In India the people speak of “vibration before sound,” the catalyst for the beginning of creation. This probably has the same meaning as, “In the beginning was the Word.” Almost all beliefs agree that sound is the matrix of creation. The fanciful phrase “music of the spheres” has more truth to it than is generally known. Many mystics have reported hearing celestial music constantly.

Today medicine is beginning to use ultrasound for its healing properties, recognizing that this unheard sound can have great effect on the muscular and, probably, molecular makeup of the body. Those who live in big cities, with the constant noise of traffic, jackhammers and the frequent shrill sound of sirens, suffer a good deal without knowing it. It is not only the loss of comfortable sleep because of noise that is harmful; the continued harsh vibration has a detrimental effect on the character of the Chi. Such irritation causes blockage and makes it difficult for the Chi to flow freely through the meridian channels of the body. Since the flow of the blood follows that of the Chi, it can readily be seen how heart trouble and other ailments can develop from these tensions. As for the overpowering blasts from rock bands, these not only cause hearing impairment, but also bring about an irritable agitation and restlessness that are natural predecessors to the use of drugs.

There are ordinary people who are so engulfed with the pressures of continued sound that they cannot be without it. They awaken and turn on the radio, leave the television sound on as they move around the house, and have noise (or music and talk) cascading over them every moment they are awake. They cannot take silence.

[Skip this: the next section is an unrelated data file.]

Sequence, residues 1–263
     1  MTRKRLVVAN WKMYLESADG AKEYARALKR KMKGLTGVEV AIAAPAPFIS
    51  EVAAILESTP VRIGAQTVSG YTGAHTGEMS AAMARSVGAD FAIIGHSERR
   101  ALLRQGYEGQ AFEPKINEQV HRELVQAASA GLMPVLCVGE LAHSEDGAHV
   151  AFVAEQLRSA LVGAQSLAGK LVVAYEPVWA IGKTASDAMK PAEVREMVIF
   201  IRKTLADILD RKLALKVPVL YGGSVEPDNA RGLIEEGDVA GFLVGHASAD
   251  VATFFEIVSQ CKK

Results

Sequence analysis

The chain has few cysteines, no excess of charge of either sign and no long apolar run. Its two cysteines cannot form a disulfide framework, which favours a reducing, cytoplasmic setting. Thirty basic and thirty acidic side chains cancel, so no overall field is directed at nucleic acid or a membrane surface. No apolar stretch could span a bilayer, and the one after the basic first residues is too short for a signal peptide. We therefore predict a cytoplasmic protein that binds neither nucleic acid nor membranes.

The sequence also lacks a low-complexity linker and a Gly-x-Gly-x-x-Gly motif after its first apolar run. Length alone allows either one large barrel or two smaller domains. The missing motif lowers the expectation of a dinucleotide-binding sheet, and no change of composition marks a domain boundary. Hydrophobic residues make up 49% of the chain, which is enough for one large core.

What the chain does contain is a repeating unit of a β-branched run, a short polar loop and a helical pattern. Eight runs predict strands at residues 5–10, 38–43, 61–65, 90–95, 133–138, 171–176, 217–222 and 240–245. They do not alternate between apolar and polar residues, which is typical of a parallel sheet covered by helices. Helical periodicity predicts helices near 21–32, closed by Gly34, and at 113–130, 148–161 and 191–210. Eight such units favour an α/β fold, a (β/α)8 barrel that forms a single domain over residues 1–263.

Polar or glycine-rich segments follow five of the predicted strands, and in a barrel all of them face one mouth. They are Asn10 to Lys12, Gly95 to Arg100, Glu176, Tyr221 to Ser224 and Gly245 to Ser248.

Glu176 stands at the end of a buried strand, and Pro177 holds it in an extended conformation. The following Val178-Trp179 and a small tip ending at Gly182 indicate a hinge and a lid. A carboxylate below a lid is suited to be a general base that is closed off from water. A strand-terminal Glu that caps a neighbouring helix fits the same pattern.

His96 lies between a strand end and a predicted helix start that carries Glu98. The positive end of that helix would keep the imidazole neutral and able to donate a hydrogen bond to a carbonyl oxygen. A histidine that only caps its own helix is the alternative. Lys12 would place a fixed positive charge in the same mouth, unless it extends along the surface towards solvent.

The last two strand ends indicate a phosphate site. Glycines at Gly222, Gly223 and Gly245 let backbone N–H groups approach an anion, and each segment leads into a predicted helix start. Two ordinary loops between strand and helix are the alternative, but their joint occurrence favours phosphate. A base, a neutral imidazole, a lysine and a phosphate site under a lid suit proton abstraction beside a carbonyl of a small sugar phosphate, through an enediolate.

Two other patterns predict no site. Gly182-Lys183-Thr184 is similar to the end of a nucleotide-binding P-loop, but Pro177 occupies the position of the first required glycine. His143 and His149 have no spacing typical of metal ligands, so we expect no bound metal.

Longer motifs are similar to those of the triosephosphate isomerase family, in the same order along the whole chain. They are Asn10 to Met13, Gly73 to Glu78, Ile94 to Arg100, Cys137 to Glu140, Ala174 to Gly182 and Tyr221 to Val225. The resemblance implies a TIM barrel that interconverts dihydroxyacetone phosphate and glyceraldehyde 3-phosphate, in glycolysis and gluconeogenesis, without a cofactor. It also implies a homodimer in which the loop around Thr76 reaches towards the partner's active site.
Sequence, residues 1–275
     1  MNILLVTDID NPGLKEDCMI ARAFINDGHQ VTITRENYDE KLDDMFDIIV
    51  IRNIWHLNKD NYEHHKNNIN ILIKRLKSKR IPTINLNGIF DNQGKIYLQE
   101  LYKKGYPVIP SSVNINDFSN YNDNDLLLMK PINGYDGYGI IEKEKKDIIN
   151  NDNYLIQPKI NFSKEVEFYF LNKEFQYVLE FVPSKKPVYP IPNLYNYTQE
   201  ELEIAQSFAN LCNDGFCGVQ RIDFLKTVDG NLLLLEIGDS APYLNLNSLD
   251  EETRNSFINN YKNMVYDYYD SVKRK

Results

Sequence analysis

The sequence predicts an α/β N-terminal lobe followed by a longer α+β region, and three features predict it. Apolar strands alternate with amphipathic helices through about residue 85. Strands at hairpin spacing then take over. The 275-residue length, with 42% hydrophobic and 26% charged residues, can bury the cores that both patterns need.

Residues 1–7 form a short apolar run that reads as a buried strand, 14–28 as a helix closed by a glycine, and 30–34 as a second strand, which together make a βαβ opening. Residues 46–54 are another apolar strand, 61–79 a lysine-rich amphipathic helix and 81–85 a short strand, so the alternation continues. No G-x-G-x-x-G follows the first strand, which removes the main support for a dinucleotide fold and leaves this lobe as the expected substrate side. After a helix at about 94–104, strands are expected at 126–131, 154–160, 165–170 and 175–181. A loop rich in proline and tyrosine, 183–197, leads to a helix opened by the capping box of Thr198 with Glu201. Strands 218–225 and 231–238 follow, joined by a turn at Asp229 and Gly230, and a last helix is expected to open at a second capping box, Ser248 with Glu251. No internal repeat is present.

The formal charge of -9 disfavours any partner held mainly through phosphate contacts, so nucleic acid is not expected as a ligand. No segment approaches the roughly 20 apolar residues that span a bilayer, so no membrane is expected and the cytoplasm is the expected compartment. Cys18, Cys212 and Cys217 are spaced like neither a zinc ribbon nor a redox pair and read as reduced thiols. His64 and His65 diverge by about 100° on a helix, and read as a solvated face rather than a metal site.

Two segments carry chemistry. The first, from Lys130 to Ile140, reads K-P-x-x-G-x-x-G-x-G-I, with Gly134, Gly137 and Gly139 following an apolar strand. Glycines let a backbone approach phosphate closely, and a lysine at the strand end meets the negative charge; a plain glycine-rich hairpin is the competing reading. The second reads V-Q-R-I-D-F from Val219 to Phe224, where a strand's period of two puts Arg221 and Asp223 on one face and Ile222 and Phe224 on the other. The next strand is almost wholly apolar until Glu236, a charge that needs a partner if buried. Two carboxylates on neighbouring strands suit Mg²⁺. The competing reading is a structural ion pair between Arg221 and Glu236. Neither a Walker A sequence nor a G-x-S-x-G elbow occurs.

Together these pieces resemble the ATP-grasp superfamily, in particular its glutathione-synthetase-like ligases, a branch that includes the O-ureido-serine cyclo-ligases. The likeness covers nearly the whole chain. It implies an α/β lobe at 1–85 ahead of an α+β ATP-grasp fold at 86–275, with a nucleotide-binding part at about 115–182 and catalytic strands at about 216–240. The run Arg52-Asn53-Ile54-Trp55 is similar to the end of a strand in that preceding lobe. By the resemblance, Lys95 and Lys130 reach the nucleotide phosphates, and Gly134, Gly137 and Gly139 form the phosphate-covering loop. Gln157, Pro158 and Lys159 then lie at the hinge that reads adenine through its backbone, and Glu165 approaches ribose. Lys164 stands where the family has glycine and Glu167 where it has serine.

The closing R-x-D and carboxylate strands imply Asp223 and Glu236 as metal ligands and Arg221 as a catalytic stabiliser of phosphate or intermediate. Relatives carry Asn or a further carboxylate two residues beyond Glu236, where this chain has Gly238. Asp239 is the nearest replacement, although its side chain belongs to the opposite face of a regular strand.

To those who walk or drive through deserted sections of the desert, the intense silence – certainly more than the mere absence of sound – can be very healing. Silence and cool green foliage in other localities should be bottled and dispensed to people, probably doing much more for them than talking-about-themselves sessions on the psychoanalytic couch do. The vast silence and the broad, restful vistas of nature (there are few displeasing sights in nature) can be healing to us all. The countryside that has long, sweeping, unhindered views is good for meditation, and there are many such in India, as there are in the western parts of the United States.

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Our first practice using sound is a simple one: just sit or stand where you are, take a few deep breaths, then relax and notice all the near and distant sounds of which you were unaware a few minutes ago. Make a mental note of each. The humming of a plane overhead, an ambulance in the distance, house noises, the sound of tires on the pavements, the chirping of crickets and birds, a female voice calling out to someone, a trombone playing soulfully on a radio somewhere … All these and more may be happening, and yet you have not noticed them; your busy mind has not registered the sounds at all. “Listen to that trombone,” states a jazz lover in an admiring tone of voice. “What trombone?” you ask, mystified.

Do not embroider the sounds. Register only what you hear, using no imagination. If the sound is that of tires on wet pavement, then just note that; do not imagine the passing car.

This is not easy to do; it demands strict attention. It also means we have to drop our egoistic self-centered concerns, forget our worries and memories, and just turn ourselves over to the hearing organ, registering only what we actually hear.

After a few minutes it would be good to break off for a short interval, then take up the practice again. If this practice should carry over into your everyday life, you would have taken the first step toward real mindfulness.